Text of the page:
Jamie and the Governor

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I teach literature. When I help students analyze Shakespeare, we talk about foils.  Governor Tyron was perfectly menacing and a perfect foil for Jamie. You couldn’t help but compare the two.  Their motivations, their values, couldn’t be more opposite.  The Governor has the care of a land and its people.  Jamie has the care of a land and its people. The Governor is motivated by power and his own importance.  Murtaugh has made him look a fool and must be punished publicly to restore Tyron’s pride and preserve the perception of his power.  Jamie is motivated by love, honor, and duty.  The knowledge of the future lays heavy on him.  He knows who wins the war, but first, you must survive the battle.  Instinctively he knows the best way to protect his men and their families is to assure their loyalty to him.  He creates a clan from the remnants of their memories and Scottish pride.  When he called Roger “the son of my house” and Fergus “the son of his heart”, he gave them a public affirmation of his acceptance and his love. Pledging their loyalty to him on bended knee with holy iron was one of the most moving callbacks of the whole series.  I loved Roger’s initial confusion then Jamie’s surprise as the scholar moved from academic to real with alacrity.

Jamie and Murtagh

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We began and ended the episode with these two.  Murtagh pledges an oath to Jamie, a promise he gave his mother to always follow him and have his back.  He gently reaches out and takes wee Jamie’s hand in reassurance. Men in this time are definitely defined by their word and once given it is a serious and binding commitment. Murtagh pledged his life to Jamie.  We have seen him keep that oath.  We saw Jamie’s joy at being reunited with his godfather last season. However, the real depth of feeling Jamie has for Murtagh could only be guessed at… until this moment.  How much that oath meant to Jamie and his love for his godfather was revealed in this final scene. To save him, Jamie must release Murtagh from his oath and send him away.   In true Jamie and Murtagh fashion, no gushy words are spoken in their final goodbye. Jamie is tearful when he tells him to go and attempts to smile as he tells him to make himself scarce.  Murtagh’s response is to gently reach out and touch Jamie reassuringly, thinking first of Jamie’s feelings and needs always.  He leaves and Jamie then collapses in grief emitting gut-wrenching sobs. I think having loved and lost is painful, but to gain that love back and have to let it go again is unbearable.  Jamie is feeling fear as he never has before and that is saying a lot.  He has a lot to lose and will fight to the death to preserve all that he loves.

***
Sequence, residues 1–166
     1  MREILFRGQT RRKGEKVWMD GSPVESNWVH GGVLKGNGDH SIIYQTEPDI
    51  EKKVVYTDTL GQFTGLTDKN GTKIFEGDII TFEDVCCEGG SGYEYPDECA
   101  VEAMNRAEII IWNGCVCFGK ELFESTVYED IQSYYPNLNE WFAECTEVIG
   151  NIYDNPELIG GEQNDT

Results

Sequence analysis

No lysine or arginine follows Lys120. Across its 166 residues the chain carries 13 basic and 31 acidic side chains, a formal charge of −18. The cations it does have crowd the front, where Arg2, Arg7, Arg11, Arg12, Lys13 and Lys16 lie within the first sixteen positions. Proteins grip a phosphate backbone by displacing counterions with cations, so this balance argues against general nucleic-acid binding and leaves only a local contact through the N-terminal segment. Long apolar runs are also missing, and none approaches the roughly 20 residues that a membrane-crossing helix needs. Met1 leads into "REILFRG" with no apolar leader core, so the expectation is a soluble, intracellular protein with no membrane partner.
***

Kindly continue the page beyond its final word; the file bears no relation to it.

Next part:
This episode and Jamie’s tears caused me to reflect on my own life. I thought of how much more easily my husband and I are moved to tears.  I believe, like Jamie, our age is a factor.  We have a lifetime of painful memories and struggles, things that we have overcome to get where we are now.  And, I often find I am now moved to tears by the simplest of things like watching our youngest granddaughters ride a pony or their obvious pride in catching a fish all by themselves, or watching the teens in all of their various sports and activities.or their inexplicable joy in a pair of gifted footed pajamas!  Sometimes watching the looks of pride on our own children’s faces as they look upon their children moves me to tears and I will look at my husband and find that he too is tearful. Like Jamie and Claire, understanding, gratitude, and love will wordlessly pass between us and end in a brief kiss and a tremulous smile.